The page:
received a waiver from the local affiliated network station, or (3) is grandfathered
Under SHVA, the satellite carrier bears the burden of proving its subscribers
reside in unserved households.16 If it fails to provide sufficient evidence that a
household is unserved, the satellite carrier may be held liable for damages and
injunctive relief.17 For households receiving an over-the-air television signal, SHVA
permits two methods of determining whether a household is unable to receive a
signal of requisite strength: the use of the “accurate measurements method” and the
“accurate predictive model.”18 The accurate measurements method requires actual
physical measurements to determine the strength of the television signal at the
subscriber’s residence, performed in accordance with statutory and regulatory
requirements.19 By contrast, the accurate predictive model, or ILLR,20 does not
require home visits, yet allows the satellite carrier, through a computer model, to
presumptively establish that a household cannot receive a sufficient signal and is
Penalties for violating SHVA vary, depending on whether they are classified as
“individual violations” or “patterns of violations.” An individual violation occurs
13 Id. at 509 n. 1.
15 “Unserved household” is statutorily defined at 17 U.S.C. § 119(d)(10) and more precisely
summarized in CBS Broadcasting v. EchoStar at 510. SHVA identifies five categories of
unserved households. The other two categories regard subscribers who receive signals
through a satellite dish on a commercial truck or recreational vehicle or transmissions by C-
band services prior to October 31, 1999.
16 17 U.S.C. § 119(a)(7)(D).
17 17 U.S.C. § 119(a)(7).
18 The only definitive way to determine whether a household is unserved is to use the
accurate measurements model, which requires onsite testing. However, if a satellite carrier
uses the less expensive accurate predictive model, ILLR, courts will assume the results of
that model are correct unless a television network provides evidence to the contrary. CBS
Broadcasting v. Echostar, 450 F.3d 505, 521-22.
19 See 17 U.S.C. 119(a)(2)(B)(ii)(II).
20 An acronym for Individual Location Longley-Rice propagation model.
21 17 U.S.C. 119(a)(2)(B)(ii)(I). For details on implementing the accurate predictive model,
see Satellite Delivery of Network Signals to Unserved Households for Purposes of the
Satellite Home Viewer Act: Part 73 Definition and Measurement of Signals of Grade B
Intensity, 47 CFR 73, FCC 99-14 (1999) (available at [http://hraunfoss.fcc.gov/edocs_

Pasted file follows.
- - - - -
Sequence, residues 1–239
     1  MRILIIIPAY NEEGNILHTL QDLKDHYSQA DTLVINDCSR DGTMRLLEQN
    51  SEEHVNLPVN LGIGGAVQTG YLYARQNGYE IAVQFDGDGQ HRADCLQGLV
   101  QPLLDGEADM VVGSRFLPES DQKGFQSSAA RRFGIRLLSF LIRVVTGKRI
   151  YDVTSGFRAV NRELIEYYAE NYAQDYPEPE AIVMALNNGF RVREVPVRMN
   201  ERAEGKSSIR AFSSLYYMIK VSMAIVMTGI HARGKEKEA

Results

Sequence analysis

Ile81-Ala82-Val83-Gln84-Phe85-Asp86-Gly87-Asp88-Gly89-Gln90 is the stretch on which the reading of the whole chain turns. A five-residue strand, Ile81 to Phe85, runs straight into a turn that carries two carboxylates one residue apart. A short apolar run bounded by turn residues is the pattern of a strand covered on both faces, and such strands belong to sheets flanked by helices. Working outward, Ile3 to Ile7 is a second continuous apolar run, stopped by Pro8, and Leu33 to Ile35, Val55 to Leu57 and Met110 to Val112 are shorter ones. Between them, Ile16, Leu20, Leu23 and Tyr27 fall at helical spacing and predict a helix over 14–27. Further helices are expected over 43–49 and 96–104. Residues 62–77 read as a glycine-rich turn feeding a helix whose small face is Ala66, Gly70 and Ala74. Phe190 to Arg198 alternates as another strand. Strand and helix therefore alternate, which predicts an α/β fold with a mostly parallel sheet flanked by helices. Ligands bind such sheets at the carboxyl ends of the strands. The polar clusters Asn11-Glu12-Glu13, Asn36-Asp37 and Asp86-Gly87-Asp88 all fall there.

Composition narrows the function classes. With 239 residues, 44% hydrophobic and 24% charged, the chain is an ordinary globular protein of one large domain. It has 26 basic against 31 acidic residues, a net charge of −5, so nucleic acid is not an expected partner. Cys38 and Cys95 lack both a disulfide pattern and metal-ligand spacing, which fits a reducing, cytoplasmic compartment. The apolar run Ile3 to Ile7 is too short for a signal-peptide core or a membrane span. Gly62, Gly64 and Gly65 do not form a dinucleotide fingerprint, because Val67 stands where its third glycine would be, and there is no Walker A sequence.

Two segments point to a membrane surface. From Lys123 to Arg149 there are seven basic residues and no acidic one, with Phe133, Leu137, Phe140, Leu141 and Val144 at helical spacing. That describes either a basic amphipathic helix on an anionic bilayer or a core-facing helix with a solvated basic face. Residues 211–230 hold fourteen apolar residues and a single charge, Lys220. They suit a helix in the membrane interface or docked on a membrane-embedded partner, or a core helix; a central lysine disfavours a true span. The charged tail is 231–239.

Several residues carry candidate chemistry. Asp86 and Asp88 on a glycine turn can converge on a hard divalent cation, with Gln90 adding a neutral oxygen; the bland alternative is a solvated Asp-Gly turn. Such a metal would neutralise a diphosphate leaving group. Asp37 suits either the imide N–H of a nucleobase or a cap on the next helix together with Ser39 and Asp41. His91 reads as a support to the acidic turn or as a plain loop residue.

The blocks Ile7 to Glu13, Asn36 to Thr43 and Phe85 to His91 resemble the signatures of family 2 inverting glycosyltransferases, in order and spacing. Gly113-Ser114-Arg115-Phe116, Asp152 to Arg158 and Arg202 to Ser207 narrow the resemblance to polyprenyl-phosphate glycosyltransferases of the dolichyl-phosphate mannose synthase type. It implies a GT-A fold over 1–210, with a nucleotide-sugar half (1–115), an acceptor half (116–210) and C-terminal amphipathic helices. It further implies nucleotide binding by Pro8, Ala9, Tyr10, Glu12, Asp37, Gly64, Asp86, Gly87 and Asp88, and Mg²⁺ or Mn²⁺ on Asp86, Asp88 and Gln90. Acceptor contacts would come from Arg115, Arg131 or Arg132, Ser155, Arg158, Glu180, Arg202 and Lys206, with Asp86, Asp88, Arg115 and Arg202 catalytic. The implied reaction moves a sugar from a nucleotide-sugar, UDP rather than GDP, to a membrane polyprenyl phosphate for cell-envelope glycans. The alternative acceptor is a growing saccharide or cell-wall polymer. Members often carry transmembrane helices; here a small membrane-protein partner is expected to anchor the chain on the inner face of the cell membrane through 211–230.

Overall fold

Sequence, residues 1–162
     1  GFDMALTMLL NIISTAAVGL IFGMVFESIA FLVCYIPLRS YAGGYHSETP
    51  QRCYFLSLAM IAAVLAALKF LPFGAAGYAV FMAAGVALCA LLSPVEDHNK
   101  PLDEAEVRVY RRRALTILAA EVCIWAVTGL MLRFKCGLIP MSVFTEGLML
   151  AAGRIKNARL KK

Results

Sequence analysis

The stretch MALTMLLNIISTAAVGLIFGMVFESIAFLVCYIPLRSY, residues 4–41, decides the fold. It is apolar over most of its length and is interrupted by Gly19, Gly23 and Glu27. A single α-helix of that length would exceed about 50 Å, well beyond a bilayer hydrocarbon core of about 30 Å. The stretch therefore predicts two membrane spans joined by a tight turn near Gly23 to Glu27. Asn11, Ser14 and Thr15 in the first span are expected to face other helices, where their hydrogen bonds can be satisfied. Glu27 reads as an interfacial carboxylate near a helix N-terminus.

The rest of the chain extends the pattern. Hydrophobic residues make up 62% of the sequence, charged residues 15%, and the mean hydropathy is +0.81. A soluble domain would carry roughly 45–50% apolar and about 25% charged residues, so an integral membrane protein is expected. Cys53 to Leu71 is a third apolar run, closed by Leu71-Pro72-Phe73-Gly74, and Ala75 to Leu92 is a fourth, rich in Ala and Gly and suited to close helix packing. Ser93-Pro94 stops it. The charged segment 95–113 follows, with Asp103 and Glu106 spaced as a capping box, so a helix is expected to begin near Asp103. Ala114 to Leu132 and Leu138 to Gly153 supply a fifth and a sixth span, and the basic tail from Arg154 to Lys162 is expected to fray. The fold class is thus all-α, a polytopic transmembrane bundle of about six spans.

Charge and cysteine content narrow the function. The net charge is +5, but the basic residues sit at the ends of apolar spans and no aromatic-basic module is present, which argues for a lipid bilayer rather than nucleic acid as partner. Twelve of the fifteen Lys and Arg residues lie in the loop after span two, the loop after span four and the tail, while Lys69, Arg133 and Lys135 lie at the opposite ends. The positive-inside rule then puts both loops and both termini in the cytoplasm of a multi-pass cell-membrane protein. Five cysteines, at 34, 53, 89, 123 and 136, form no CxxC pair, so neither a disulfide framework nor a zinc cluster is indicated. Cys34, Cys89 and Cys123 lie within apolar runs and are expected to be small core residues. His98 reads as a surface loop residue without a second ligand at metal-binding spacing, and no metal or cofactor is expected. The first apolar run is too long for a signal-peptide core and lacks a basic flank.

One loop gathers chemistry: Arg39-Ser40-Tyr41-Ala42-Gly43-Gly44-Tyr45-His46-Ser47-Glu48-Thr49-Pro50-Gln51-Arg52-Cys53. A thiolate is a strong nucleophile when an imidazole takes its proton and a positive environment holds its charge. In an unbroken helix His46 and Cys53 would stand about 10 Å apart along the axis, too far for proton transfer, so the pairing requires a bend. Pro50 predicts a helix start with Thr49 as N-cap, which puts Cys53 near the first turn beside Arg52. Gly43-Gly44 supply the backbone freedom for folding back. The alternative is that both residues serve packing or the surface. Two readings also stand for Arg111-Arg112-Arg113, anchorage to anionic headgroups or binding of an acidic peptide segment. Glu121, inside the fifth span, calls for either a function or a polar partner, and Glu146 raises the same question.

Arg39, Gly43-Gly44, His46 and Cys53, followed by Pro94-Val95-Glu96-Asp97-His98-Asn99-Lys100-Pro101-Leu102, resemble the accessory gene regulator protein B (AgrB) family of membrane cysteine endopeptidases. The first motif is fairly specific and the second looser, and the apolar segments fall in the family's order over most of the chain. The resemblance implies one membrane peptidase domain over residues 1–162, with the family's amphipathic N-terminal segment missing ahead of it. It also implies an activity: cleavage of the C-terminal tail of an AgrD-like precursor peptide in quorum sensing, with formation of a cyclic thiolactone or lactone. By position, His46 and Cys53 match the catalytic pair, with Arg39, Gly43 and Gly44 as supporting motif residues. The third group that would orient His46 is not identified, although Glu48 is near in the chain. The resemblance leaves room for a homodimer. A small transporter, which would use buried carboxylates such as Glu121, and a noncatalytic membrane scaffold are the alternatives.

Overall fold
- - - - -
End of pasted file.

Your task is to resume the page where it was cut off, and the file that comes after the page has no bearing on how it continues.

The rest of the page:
where there is a willful or repeated retransmission to a subscriber who is not eligible
to receive the transmission.22 By contrast, a pattern of violations occurs when a
satellite carrier engages in a willful or repeated pattern or practice of delivering
distant network service to subscribers who are not eligible to receive the
transmission.23 A district court has broad discretion to remedy individual violations
but has less discretion in its choice of remedy for a pattern or practice of violations.24
Assuming a court finds a willful or repeated pattern or practice of violations, it
must order a permanent injunction barring retransmission by the satellite carrier of
any primary transmissions from any network station affiliated with the same network,
and may order damages not to exceed $250,000 for each six-month period during
which the pattern or practice of violations occurred.25 If the violations occurred on
a “substantially nationwide basis,” the court must order a permanent injunction
against the satellite carrier encompassing “the primary transmissions of any primary
network station affiliated with the same network”26 — a nationwide ban. If the
violations occurred on a “local or regional basis,” the court must order a permanent
injunction against the satellite carrier that bars the retransmission “in that locality or
Factual Findings Regarding EchoStar’s Violation of
At issue was whether EchoStar willfully or repeatedly violated SHVA by
retransmitting distant network signals to ineligible satellite television subscribers
from 1996 to 2003, and if so, whether the nature of the violations was best classified
as “individual” or “pattern or practice” violations, thereby triggering different
penalties. The district court examined the methodology by which EchoStar classified